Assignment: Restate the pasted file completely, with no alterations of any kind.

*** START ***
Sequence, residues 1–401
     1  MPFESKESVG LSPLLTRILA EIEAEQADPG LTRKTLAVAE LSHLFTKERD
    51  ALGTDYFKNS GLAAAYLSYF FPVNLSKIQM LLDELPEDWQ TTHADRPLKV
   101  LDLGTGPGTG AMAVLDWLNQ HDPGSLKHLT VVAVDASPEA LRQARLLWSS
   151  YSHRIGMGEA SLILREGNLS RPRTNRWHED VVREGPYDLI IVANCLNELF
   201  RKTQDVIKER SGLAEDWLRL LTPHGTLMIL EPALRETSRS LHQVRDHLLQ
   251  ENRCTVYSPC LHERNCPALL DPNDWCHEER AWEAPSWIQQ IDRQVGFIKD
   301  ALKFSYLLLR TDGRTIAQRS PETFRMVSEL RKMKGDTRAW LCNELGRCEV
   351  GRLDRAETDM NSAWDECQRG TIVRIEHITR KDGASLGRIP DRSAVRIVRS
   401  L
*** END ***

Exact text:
Sequence, residues 1–401
     1  MPFESKESVG LSPLLTRILA EIEAEQADPG LTRKTLAVAE LSHLFTKERD
    51  ALGTDYFKNS GLAAAYLSYF FPVNLSKIQM LLDELPEDWQ TTHADRPLKV
   101  LDLGTGPGTG AMAVLDWLNQ HDPGSLKHLT VVAVDASPEA LRQARLLWSS
   151  YSHRIGMGEA SLILREGNLS RPRTNRWHED VVREGPYDLI IVANCLNELF
   201  RKTQDVIKER SGLAEDWLRL LTPHGTLMIL EPALRETSRS LHQVRDHLLQ
   251  ENRCTVYSPC LHERNCPALL DPNDWCHEER AWEAPSWIQQ IDRQVGFIKD
   301  ALKFSYLLLR TDGRTIAQRS PETFRMVSEL RKMKGDTRAW LCNELGRCEV
   351  GRLDRAETDM NSAWDECQRG TIVRIEHITR KDGASLGRIP DRSAVRIVRS
   401  L